Brazilian Underdevelopment and the Case of the Missing American Jewish Economist

In the late 1960s, the economic historian Nathaniel Leff began publishing articles explaining why, since the 19th century, Brazil had exhibited slow economic growth and wide discrepancies between rich and poor. His explanations upended what was then, and largely remains, the widely held consensus of Brazilian economists. A devout Orthodox Jew who spent most of his career as a professor at Columbia University, Leff abruptly disappeared from view in the 1990s. Rafael Cariello explains the significance of Leff’s work, recounts his biography, and describes his own personal quest to discover the economist’s fate:

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Read more at Piauí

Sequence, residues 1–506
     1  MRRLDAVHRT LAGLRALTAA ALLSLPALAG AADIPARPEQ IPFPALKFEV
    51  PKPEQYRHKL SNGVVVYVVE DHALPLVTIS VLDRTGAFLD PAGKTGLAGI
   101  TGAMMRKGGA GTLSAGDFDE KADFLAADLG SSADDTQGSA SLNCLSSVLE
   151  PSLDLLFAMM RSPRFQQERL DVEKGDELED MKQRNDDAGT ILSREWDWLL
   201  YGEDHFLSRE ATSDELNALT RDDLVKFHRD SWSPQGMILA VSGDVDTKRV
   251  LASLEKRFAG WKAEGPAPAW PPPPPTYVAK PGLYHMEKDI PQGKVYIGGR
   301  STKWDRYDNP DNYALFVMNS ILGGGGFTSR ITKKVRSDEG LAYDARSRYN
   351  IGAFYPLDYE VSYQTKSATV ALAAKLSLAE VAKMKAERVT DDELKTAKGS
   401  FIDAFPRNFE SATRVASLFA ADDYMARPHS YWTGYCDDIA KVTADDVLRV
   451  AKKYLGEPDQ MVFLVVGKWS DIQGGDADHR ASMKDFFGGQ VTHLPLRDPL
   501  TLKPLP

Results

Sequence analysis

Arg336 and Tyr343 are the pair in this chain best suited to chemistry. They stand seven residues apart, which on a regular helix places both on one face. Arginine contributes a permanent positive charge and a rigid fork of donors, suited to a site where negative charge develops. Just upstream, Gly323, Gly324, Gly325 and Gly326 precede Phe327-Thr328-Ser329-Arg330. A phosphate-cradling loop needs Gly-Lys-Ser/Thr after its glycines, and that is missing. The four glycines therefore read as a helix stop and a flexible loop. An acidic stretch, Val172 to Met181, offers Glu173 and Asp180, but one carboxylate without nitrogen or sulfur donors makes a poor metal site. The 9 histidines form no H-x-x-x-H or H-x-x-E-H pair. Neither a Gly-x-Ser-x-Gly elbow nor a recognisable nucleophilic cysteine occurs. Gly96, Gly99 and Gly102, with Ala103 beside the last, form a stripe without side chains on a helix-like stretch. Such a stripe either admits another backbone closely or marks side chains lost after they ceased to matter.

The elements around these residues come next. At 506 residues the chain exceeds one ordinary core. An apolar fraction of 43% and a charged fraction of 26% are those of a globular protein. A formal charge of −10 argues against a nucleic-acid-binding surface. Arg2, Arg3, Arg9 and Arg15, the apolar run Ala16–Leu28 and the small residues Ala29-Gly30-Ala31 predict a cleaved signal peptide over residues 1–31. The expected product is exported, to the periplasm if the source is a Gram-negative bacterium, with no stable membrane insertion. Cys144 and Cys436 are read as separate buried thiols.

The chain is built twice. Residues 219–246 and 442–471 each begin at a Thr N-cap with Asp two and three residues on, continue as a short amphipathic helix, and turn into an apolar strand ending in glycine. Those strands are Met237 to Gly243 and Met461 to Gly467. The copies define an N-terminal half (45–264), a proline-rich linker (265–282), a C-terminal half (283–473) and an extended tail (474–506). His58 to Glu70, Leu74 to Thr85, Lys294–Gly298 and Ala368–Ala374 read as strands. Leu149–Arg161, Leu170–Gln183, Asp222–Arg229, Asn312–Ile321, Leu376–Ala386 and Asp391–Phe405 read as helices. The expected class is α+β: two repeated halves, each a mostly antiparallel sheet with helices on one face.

More about: Academia, Brazil, Economics, Harvard, History & Ideas

Thoughts on Yitzhak Rabin’s Assassination, a Quarter-Century On

On the Jewish calendar, today is the 25th anniversary of Prime Minister Yitzḥak Rabin’s assassination at the hands of a fellow Jewish Israeli. Rabin, after a long and impressive career in the military and in politics, had not long beforehand signed the Oslo Accords, and was murdered by a zealous opponent of that decision. Reflecting on the occasion, David Horovitz writes:

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Read more at Times of Israel

More about: Israeli politics, Oslo Accords, Yitzhak Rabin